With the commissioning of the second Tyne Tunnel for use by traffic, Tyne and Wear emergency services put the tunnel's safety systems to the test on February 12, 2011, with a full scale mock emergency incident. 

The 1.5km long vehicle tunnel, built as part of the £260million New Tyne Crossing project, was the site of an emergency exercise designed to thoroughly test the operating and automated emergency response systems before traffic is switched into the tunnel later in February. 

Peter Hedley, the Tyne Tunnels Manager, said: "One of the most exciting features in the new tunnel is a state-of-the-art mist system. This is the first road tunnel in the UK to boast a fixed fire suppression system, making it the safest in the county. Thankfully emergency incidents are pretty rare at the Tyne Tunnels, but it has been fantastic today to see just what a difference this makes to the way we could respond to emergencies." 

Paul Fenwick, Project Director for the Tyne and Wear Integrated Transport Authority, the New Tyne Crossing project promoter, said: "We sincerely hope an incident like this will never occur at the Tyne Tunnels but we do of course need to be prepared for worst case scenarios. 

"As part of the New Tyne Crossing project we've been working very closely with the Tyne and Wear emergency services for a number of years to design safety into the crossing. The success of the coordinated response at today's exercise has been a tribute to that careful planning." 

Tyneand Wear Fire Service, Northumbria Police, North East Ambulance Service and the Hazard Area Response Team were all in attendance at the event held February 12. 

Group Manager Phil Clark, Tyne and Wear Fire and Rescue Service, said: "For many years Tyne and Wear Fire and Rescue Service has promoted the use of sprinklers to protect people from fire in homes and commercial buildings. Through working together with TT2, TWITA and Bouygues, we have changed both national and international opinion as to the benefits of using sprinklers in tunnels. 

"Fighting fires in tunnels is one of the most difficult types of incident for the fire service to deal with, due to the heat produced and the lack of access to the fire. The activation of the fire suppression system means that the size of the fire likely to be dealt with is much smaller. This means it is safer for the people using the tunnel and the firefighters. It also means that disruption to tunnel users is minimised.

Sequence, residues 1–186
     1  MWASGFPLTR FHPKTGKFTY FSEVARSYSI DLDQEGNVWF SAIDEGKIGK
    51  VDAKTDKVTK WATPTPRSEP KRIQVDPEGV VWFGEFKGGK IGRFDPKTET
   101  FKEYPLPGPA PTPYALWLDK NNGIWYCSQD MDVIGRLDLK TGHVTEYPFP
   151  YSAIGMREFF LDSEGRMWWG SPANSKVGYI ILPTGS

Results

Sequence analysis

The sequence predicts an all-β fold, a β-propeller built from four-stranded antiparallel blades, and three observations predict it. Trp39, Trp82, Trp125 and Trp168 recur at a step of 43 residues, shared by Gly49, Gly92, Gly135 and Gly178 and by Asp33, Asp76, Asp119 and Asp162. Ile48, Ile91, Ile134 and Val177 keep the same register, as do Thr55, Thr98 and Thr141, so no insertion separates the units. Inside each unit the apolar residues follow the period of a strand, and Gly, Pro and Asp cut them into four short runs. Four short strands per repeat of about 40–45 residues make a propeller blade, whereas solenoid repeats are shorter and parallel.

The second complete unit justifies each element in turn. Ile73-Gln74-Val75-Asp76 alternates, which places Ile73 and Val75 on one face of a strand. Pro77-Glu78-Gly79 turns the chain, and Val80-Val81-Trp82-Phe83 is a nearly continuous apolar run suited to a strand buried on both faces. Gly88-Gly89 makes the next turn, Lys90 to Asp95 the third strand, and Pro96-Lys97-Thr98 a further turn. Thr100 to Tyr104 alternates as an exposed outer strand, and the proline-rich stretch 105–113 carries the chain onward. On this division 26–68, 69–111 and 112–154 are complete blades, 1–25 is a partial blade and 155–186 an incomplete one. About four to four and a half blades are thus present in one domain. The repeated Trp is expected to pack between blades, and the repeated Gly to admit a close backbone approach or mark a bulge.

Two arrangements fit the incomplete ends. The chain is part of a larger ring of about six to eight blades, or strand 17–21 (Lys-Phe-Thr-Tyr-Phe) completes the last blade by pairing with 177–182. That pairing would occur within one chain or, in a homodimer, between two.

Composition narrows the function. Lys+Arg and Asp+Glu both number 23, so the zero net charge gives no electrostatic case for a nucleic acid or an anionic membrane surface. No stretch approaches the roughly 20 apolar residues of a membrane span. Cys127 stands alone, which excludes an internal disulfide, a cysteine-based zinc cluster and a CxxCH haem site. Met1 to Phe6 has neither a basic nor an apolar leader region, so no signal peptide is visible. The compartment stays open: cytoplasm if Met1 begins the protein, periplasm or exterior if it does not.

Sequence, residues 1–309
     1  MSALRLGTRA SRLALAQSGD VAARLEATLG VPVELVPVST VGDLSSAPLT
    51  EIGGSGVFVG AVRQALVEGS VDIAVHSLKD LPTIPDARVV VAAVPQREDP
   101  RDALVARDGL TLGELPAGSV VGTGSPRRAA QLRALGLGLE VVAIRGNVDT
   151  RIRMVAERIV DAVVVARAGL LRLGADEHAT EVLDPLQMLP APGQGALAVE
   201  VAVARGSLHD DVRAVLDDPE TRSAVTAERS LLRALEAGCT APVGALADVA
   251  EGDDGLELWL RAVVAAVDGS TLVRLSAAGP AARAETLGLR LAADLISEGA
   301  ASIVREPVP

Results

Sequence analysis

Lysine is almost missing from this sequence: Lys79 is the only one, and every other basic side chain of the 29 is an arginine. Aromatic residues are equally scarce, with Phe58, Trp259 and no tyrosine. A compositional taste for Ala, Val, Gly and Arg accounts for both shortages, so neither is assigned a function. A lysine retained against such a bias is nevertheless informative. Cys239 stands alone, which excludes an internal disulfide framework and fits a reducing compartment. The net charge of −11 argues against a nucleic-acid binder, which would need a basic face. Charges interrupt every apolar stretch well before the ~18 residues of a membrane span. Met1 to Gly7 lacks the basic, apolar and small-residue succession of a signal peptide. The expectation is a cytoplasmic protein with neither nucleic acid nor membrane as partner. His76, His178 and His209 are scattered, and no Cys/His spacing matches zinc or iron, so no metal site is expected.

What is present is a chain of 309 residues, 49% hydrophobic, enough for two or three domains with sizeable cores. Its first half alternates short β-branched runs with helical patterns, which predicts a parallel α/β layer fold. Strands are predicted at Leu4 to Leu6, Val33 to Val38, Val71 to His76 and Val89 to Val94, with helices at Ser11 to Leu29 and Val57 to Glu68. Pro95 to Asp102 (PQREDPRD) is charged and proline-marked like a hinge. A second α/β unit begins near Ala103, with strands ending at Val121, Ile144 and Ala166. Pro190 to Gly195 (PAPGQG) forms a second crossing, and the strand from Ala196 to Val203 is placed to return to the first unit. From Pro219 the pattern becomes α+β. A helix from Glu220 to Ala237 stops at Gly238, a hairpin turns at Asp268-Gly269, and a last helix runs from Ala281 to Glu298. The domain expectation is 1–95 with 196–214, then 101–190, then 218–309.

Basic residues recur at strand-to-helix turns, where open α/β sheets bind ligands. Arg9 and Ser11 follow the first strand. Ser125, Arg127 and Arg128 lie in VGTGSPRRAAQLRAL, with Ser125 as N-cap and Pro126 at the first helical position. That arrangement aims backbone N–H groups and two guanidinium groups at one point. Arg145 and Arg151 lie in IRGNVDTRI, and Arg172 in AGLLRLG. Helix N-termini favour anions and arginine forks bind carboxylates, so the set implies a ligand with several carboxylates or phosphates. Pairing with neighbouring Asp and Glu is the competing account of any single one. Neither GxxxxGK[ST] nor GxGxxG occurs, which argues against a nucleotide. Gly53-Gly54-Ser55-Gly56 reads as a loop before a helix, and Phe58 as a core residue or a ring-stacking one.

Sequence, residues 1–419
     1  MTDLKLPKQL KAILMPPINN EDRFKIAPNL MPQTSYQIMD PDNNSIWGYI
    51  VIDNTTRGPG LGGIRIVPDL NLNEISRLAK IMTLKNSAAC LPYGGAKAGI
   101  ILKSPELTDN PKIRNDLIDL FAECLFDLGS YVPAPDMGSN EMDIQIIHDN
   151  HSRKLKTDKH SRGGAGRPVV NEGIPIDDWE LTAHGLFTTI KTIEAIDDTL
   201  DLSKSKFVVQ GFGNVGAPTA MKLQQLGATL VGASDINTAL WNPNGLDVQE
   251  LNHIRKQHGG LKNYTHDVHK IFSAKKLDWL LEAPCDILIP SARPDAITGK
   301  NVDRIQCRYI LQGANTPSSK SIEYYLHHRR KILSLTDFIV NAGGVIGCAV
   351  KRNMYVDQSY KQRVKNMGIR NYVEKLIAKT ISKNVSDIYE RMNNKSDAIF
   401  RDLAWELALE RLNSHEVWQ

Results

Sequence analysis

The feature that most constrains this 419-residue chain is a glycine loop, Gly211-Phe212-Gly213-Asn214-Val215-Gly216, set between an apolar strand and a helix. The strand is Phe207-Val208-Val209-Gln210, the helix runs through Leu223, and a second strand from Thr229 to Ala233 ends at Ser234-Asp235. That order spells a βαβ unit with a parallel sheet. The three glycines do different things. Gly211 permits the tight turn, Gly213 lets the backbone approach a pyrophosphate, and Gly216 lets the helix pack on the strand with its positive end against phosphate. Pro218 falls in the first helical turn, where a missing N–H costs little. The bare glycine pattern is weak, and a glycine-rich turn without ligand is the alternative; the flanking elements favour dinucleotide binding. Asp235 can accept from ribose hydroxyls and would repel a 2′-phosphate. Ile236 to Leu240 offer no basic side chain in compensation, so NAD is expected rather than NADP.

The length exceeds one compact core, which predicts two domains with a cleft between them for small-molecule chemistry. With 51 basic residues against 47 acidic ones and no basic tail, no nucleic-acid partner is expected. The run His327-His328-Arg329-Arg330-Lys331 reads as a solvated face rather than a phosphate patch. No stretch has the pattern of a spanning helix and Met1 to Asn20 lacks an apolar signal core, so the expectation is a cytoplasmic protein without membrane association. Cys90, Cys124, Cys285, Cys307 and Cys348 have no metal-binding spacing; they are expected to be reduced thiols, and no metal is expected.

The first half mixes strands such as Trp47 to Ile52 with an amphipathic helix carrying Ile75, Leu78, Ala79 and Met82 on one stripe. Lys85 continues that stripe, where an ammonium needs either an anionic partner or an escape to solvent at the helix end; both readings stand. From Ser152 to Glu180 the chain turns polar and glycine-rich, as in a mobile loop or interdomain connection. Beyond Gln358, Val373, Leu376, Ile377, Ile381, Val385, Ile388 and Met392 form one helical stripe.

"The training exercise was an opportunity for all of the emergency services to test their responses, so that in the unlikely event of an incident occurring in the tunnel we are all equipped and prepared to deal with it safely and in a coordinated manner." 

The safety features fitted into the new vehicle tunnel by design and build contractor Bouygues Travaux Publics UK include a dedicated, separate pedestrian escape passage, an integrated incident monitoring and alert system, as well as the fixed fire suppression system. 

In the case of fire in the tunnel, the fixed fire suppression system would generate a mist sufficient to stop a fire from spreading, enabling people to safely escape tunnel until the fire service arrives to extinguish the flames. The system not only saves lives but also protects the tunnel structure from fire damage, enabling the tunnel to reopen more quickly after an incident. 

Project Managing Director for Bouygues Travaux Publics UK, Nicolas Caille, said: "We have worked with specialists in the field to install these features, so that north east motorists can enjoy a safer driving experience. People might assume that the civil engineering works involved in building the new tunnel have been the most challenging aspect of the project, but installing the mechanical and electrical features has been equally demanding thanks to the bespoke nature of the systems." 

Trevor Jackson, Managing Director for TT2, the New Tyne Crossing Concessionaire, said: "I would like to express my sincere thanks to the emergency services and the Tyne and Wear Emergency Planning Unit for their support today, and for their work behind the scenes to help us build the safest tunnel in the UK. Today's exercise has been an essential part of the commissioning process for the new tunnel. We are almost ready to give our customers the smartest, safest river crossing the Tyne has ever seen." 


Date posted: 17.02.11